Surf: Overhead, out of control, 40 mph northeast wind swell
Events Held: Men (Rounds 1 and 2), Masters (Rounds 1 and 2), Grand Masters (Rounds 1 and 2), Women (Round 1), Senior Women (Round 1), Senior Longboard (Round 1), Legends Longboard (Round 1)
Nature’s Call: This blows.
Predicted: Sand coming out of every orifice.

With Buxton’s “victory at sea” conditions giving surfers an express ride south to Frisco the second they paddled out, it was hard to consider any of today’s scheduled clashes “heats.” It was more like a mix of talent show and triathalon as the best and sometimes luckiest competitors paddled out, put in one good ride for the judges — usually just a maneuver or two that carried them a full {{{100}}} yards down the beach — followed by a hard run against the wind back up to the groin. Still, if you had to pull a number off the sheet, it would be Heat 19, which offered the Men’s Round sole exchange when New York’s Alex Fawess took a late drop on one of the few comparatively well-formed, heaving lefts for a quick standing cover up that NC’s Will Skudin immediately answered, showing off his Buxton seasoning with a few sharp snaps to win and advance.

Mother Nature. In less than 24 hours, Hatteras went from yesterday’s well-sculpted, chest-high performance peaks to this morning’s relentless rows of thundering white water. Sandstorms whipped down the beach, stinging eyes and faces harder than a million, microscopic Chinese throwing stars. Competitors huddled behind trailers, the occasional truck, and each other while ESA officials hunkered down like Bedouins in low-lying tents. If that wasn’t enough, an inside eddy next to the groin whirled an assortment of dangerous debris, including tree limbs, roots and lumber, adding yet another hazard to the haggard conditions. And when the tide came up, parts of the Easterns set-up partially submerged to dampen the mood even more. But in the midst of all the gale-force hell, a lone speaker stood strong, rising tall out of the inshore tide pool, blaring Ozzy like a defiant stereophonic power fist. And the competitors showed similar resolve in the face of adversity. Sure, they griped, and nobody hung around too long after handing in a jersey. But everybody paddled out, took their lumps and tried to look at the bright side. “At least it’s not flat,” smirked an obviously disappointed yet determined Competition Director Brian Broom. “And, yes, we do have an emergency back-up day, but that’s for real emergencies. Right now, as long as the East Coast’s best surfers are here, the waves are here and the judges are here, we will attack.” Don’t look for a free day tomorrow either when the wind’s expected to slacken by a measly 5mph. The good news is: with a couple of tropical systems still in the Atlantic and the current storm scheduled to pass by Tuesday, conditions for the youth divisions’ debut on Wednesday could be as epic as the adults are septic.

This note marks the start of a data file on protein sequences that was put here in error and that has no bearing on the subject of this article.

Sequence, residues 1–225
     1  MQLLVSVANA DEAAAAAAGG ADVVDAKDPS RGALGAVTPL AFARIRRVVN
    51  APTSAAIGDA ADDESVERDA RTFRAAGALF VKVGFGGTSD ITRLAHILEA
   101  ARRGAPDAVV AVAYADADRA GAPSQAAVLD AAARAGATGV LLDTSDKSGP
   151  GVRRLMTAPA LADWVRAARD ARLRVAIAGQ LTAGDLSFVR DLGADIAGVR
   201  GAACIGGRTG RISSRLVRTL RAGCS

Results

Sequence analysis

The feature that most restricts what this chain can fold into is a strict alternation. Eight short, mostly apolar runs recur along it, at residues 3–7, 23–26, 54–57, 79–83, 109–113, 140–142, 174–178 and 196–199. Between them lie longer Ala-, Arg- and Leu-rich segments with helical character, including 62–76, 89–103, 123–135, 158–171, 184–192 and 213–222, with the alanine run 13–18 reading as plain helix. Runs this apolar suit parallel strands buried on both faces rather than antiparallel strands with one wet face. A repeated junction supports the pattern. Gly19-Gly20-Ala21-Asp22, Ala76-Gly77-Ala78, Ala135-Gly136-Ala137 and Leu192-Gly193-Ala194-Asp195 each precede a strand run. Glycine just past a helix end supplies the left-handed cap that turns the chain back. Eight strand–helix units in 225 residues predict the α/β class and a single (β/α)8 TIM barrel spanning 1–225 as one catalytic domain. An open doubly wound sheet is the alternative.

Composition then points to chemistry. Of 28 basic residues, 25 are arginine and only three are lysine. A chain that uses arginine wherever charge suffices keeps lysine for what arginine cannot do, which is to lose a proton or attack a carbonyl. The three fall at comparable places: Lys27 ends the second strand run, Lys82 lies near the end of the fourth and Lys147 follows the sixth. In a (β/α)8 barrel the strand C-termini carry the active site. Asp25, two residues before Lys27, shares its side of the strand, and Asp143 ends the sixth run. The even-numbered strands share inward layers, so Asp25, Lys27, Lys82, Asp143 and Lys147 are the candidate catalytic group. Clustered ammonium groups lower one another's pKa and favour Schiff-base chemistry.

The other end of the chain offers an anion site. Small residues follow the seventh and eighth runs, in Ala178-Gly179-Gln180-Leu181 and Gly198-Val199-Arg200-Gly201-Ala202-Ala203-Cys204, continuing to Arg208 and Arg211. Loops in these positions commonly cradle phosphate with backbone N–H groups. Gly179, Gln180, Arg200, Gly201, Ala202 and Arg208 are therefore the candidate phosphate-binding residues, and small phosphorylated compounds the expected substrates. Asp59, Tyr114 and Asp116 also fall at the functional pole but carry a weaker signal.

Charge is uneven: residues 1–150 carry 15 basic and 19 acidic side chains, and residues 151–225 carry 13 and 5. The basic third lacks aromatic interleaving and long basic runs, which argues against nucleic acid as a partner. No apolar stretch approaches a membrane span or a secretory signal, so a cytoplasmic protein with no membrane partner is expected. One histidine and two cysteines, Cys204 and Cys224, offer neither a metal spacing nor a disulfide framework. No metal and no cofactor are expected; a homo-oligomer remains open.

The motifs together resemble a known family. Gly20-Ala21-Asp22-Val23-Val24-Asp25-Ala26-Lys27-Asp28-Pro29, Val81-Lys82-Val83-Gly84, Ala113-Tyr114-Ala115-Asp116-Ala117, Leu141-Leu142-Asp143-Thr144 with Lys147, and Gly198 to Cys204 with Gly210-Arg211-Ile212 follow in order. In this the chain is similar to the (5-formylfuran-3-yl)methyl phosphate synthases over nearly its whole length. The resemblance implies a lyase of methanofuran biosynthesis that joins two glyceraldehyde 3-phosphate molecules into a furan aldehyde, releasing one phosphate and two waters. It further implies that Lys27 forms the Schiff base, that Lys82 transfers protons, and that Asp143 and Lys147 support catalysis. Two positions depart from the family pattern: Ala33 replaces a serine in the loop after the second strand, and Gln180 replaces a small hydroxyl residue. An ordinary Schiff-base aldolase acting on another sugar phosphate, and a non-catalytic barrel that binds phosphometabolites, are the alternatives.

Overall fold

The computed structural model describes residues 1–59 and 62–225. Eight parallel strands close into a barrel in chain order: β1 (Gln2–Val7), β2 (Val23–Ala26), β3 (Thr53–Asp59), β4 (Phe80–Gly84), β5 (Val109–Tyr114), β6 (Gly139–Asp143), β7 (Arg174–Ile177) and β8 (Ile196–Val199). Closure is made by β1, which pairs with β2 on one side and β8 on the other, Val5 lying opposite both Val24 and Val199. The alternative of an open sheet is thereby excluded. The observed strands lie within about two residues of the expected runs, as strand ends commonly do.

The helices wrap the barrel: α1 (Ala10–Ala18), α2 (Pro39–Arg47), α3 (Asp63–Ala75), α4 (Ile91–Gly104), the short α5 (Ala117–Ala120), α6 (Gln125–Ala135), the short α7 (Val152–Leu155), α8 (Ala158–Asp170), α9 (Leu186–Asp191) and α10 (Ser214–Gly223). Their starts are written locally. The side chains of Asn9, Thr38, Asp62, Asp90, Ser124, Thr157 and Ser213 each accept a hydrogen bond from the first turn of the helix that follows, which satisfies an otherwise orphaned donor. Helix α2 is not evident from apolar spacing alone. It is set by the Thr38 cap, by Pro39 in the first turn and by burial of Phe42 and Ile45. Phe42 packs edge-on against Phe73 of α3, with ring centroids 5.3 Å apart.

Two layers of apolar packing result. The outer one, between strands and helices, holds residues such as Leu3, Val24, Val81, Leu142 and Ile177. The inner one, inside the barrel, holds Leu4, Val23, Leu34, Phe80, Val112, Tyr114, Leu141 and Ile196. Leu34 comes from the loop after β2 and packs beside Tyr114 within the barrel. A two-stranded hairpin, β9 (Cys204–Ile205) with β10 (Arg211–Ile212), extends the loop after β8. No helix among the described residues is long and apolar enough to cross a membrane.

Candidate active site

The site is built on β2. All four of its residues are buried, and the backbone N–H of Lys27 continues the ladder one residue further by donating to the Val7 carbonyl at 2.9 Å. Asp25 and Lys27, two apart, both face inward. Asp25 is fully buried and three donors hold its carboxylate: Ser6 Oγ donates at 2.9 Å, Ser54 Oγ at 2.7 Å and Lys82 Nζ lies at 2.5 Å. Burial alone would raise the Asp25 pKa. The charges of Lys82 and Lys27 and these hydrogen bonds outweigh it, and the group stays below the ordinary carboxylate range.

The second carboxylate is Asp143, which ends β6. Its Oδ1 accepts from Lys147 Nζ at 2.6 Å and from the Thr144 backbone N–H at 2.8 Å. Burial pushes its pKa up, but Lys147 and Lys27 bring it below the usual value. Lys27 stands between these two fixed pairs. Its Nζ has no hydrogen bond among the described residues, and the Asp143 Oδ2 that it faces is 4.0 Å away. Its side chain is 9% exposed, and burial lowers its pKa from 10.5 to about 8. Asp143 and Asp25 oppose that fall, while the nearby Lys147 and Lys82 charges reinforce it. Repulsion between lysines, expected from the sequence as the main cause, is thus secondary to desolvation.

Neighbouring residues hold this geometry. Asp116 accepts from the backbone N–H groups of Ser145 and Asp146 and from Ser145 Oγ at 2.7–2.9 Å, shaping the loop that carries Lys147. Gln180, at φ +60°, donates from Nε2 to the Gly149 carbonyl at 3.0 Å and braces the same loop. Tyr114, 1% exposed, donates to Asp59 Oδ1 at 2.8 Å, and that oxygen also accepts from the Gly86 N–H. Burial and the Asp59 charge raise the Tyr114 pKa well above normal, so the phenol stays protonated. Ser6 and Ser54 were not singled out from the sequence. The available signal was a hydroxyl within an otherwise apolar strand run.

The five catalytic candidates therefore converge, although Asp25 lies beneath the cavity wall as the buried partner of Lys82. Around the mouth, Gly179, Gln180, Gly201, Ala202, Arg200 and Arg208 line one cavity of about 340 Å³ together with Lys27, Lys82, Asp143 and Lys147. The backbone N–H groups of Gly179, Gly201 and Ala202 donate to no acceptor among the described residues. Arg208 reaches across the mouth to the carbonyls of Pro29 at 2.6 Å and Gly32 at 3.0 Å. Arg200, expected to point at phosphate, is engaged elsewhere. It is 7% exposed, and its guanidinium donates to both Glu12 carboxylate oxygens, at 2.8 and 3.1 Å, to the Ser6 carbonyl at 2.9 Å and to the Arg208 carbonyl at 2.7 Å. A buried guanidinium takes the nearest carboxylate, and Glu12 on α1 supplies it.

Hmmm. Could it have been Chris Egan’s shorebreak closeout head dive into dangerously shallow water? Maybe it was when Grand Masters standout Marc Angellilo took a two-by four across the head while paddling out and still emerged victorious. Nope. It was when {{{Legend}}}/Senior Longboard competitors Carmen Garcia and Mike Clark — stung by the closing of Bonner Bridge (see below) before their heats — hired a charter to cross Oregon Inlet where a waiting van ferried them the rest of the way to the contest site.

The Bonner Bridge spanning Oregon Inlet was closed to all traffic for several hours today until the Coast Guard could safely steer a dredge that had broken free into safer waters. Otherwise, there were few contest surprises as most of the flagship competitors remain in contention from US Masters Champ Pat Emery to Grand Master Kevin Grondin to Legend Longboarder Bobby Holland to super Woman Kelly Nicely.

“Yeah, I guess it’s interesting. If you like watching old men get sucked down the beach then run a mile against the wind.” One unnamed reporter’s assessment of the Grand Masters rounds.

“Hey, the stars pay big money for exfoliation treatment – we’re here getting sandblasted for free!” Great Lakes Director Lester Priday’s happy-go-lucky take on the crappy-go-sucky conditions. Matt Walker